Parks to Parkways –
Get home turf advantage
Man-oh-man! Nothing freezes you in place—mouth agape, like the sight of gopher mounds in your lawn! Pocket gophers often invade yards and gardens, feeding on many garden crops, ornamental plants, vines, shrubs, and trees. A single gopher moving down a garden row can inflict considerable damage in a very short time. Troublesome gophers can chew through the roots of your shrubs, wreak havoc on your lawn and even potentially damage buried utility cables or PVC pipes. If the gophers, moles or ground squirrels in your yard need a little attitude adjustment, then call Janus Pest Management today. From municipal parks to residential parkways–Janus gives you the home turf advantage!
Successful elimination depends primarily on locating the main burrows. To find the burrow runways, we begin probing the soil from within a foot or so from the plug side of the mound, with a special tunnel probing tool. New gopher activity in a yard is often identified by darker, moist soil that got kicked up from deeper below the sod line. Fresh mounds that are visible above ground, are the gopher’s plugged openings to their lateral tunnels. The rate of mound building is highly variable. A single gopher can create an average of up to 3 mounds per day—up to 75 mounds per month.
Typical elimination methods used by Janus Pest Management include but not limited to baiting, trapping and burrow fumigation. We select the method that is most affordable, practical and effective for each condition .
Qualified Licensed Professionals
Janus Pest Management services both residential and commercial clientele and are fully accredited by the County of Los Angeles Agricultural Commission to render pest control services in three categories:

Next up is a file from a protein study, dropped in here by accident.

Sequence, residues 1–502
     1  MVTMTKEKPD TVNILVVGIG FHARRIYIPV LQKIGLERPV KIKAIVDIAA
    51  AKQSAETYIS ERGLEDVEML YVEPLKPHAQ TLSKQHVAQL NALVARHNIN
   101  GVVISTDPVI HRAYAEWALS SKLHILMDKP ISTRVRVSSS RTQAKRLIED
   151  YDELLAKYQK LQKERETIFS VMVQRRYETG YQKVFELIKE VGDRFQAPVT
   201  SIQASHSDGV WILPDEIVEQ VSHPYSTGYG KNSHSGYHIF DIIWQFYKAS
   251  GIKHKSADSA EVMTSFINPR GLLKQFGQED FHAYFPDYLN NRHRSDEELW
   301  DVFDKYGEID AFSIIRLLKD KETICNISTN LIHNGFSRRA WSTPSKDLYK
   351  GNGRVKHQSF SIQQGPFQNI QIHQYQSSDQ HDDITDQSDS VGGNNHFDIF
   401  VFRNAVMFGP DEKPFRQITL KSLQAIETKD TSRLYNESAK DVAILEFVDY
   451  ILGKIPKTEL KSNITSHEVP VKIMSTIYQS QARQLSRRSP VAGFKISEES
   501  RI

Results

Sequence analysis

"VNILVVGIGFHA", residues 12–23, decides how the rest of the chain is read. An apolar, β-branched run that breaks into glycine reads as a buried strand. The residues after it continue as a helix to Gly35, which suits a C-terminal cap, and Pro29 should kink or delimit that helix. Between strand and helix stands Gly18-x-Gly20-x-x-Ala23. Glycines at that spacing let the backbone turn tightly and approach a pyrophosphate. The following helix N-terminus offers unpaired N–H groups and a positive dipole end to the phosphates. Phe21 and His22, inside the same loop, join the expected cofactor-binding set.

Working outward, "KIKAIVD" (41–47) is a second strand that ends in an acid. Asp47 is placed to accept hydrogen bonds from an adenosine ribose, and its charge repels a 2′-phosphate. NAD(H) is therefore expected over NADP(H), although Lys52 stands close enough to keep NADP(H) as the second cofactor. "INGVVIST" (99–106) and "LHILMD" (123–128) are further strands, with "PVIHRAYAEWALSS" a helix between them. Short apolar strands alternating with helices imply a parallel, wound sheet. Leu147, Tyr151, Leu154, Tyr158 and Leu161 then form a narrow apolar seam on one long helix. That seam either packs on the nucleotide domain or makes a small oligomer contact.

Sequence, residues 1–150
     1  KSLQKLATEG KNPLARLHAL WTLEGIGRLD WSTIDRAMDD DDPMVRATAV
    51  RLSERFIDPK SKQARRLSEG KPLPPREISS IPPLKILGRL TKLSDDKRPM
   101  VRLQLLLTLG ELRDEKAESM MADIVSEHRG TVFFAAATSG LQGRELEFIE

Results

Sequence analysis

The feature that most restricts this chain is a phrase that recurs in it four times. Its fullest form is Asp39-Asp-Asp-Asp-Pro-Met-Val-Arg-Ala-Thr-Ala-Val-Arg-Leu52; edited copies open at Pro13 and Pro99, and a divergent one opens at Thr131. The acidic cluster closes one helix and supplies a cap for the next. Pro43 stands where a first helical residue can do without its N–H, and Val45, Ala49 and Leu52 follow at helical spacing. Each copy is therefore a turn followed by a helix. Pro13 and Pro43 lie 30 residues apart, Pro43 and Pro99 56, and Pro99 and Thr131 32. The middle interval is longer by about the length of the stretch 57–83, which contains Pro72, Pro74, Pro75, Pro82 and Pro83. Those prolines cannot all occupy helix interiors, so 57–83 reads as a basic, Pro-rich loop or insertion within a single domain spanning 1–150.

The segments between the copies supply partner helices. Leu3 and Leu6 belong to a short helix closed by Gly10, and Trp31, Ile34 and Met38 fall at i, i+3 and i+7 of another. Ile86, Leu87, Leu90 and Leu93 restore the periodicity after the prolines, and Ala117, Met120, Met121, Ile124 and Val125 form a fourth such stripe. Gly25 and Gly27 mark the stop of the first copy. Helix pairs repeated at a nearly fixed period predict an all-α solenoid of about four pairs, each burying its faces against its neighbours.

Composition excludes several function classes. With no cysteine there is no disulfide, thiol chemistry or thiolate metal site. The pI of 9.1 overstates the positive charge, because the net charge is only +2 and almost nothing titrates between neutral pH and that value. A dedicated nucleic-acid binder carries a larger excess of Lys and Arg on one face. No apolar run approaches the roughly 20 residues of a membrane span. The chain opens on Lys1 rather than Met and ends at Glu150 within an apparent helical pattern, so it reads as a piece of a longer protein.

- (A) Residential, Industrial and Institutional
- (B) Landscape Maintenance
- (C) Right-of-Way
Stuff That Carl Spackler Knows
Since gophers and moles spend most of their time underground, they are seldom ever seen. So, one of our best identification methods, is to inspect and identify the shape of the dirt mounds that indicate which underground pest is producing the activity. Pocket gophers may construct one to three feeding mounds per day, shoveling dirt out to the surface, forming crescent or fan-shaped mounds. This helps distinguish them from mounds made by moles, which are conical or volcano shaped.
Moles are loners and occupy a large home range — two to five moles per acre is common. Moles breed in early spring with the female moles gestation period lasting about a month. The female mole then gives birth to between 2 and 6 mole pups. The mole pups are usually completely independent within a month after birth. The average lifespan of a mole is about 4 years but some species of mole have been known to live until they are 6 or 7 years old. Moles burrow just beneath the surface, blindly “swimming” through their hunting tunnels searching for worms, grubs and other insects. The soil is usually pushed up to form ridges so that the runway is seen on the surface. To decide which runways are active, we poke a small hole in the runway. An active runway is repaired within a few hours.
Ground squirrels are easier to find. They forage above ground during the day and will chirp to communicate. The larger softball sized borrow entrances stay open and have significant tailings leading from them. They live in colonies with several ground squirrels per burrow system. Ground squirrels hibernate in the winter with males surfacing earlier than the females, usually in February. Their season extends from February until the food supply is gone—usually into August or September. They will usually have one litter a year numbering from 4 to 10 kits but can multiply into a sizable dray at a very rapid rate that occasionally exceeds 100 rodents per acre. They typically forage up to 100 feet from their burrow opening eating primarily green surface foliage that tends to denude the immediate area around their burrow openings.